[52 Del. 538] The statutory law now embodied in 10 Del.C. §§ 4541-4543 has an ancient history in the statutes of Delaware. The first complete act regulating the calling of special juries was enacted in 1810 (4 Laws, Ch. CXX, p. 322). Basically, the act of 1810 is the statute of today with the exception that the 1810 act 'authorizes and requires' the court, upon the motion of either party, to order a special jury to be struck, while the present statute directs that the court upon application 'shall' order a special jury. The 1810 act appears in the same form in 1829 Code, Ch. 7, p. 119.
The codification of 1852 continued the same statute except that the words 'authorized and directed' were changed to read 'shall'. Thereafter, through the various Codes the wording of the statute has not been changed fundamentally. The provisions of 10 Del.C. §§ 4541-4543 are substantially the same as 1852 Code, Ch. 7.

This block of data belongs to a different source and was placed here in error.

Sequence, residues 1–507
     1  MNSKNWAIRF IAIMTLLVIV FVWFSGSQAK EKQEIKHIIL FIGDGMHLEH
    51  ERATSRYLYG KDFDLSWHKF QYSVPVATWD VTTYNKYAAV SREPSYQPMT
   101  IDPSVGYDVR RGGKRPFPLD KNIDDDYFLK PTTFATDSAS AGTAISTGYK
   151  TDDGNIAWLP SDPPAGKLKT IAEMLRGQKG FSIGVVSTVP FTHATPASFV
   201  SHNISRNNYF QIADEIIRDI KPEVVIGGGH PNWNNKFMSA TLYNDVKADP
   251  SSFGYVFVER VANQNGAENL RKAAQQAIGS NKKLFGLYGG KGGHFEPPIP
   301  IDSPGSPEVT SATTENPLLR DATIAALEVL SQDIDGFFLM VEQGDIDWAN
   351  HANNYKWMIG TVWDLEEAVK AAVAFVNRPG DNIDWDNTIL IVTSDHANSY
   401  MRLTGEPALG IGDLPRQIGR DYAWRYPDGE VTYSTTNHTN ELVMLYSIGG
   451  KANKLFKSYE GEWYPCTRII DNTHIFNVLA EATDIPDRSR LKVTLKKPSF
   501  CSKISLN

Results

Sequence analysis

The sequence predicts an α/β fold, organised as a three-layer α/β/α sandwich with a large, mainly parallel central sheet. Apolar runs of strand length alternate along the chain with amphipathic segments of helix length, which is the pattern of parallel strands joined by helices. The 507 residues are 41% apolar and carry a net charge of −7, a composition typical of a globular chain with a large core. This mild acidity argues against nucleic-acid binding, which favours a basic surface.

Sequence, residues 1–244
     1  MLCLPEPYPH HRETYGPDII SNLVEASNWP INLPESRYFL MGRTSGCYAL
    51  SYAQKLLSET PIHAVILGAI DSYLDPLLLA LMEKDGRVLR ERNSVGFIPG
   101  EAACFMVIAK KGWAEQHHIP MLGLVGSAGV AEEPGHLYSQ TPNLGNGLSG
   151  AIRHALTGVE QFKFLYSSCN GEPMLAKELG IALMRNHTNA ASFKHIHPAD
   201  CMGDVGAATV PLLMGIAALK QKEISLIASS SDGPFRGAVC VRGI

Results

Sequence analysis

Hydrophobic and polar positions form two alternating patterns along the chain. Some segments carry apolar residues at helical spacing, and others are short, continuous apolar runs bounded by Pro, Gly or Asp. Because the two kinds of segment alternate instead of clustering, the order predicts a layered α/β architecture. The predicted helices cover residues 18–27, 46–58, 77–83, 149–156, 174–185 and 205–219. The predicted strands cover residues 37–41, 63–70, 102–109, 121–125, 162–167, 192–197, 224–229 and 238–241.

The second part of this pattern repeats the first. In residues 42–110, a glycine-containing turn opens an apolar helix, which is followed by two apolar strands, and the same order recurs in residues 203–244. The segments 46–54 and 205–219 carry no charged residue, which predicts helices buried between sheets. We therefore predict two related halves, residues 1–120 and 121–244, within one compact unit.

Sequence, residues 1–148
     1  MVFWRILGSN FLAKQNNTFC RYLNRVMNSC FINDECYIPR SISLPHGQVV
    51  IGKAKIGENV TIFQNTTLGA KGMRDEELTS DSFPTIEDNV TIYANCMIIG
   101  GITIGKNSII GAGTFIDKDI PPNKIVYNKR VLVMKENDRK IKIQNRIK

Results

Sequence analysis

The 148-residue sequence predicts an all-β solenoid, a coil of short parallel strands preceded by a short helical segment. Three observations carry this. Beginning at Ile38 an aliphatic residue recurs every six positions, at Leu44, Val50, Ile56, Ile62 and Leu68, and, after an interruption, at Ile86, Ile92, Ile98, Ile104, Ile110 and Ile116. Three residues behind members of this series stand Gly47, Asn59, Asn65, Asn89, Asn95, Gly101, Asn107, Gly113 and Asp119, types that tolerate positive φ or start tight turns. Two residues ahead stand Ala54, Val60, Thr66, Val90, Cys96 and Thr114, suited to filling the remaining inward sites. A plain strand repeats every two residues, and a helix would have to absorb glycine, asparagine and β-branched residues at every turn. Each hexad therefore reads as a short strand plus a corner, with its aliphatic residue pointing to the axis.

The present statutory provisions relating to special juries, then are traceable directly back to 1810 when, what is apparently the first comprehensive statute, was enacted. It seems apparent, however, that the practice of using struck [*] or special juries existed in this state prior to that year. For example, in 1793 An Act For More Certainly Obtaining Returns of Impartial Juries, And Their Better Regulation (2 Laws, Ch. VIII c, p. 1071), directed the return by the sheriff of a jury panel, except 'in cases where a special jury shall be struck by rule of court'. This is a clear indication that in 1793 special juries were struck in accordance with a then existing rule of court. It seems apparent that there was no specific statutory authority for the practice.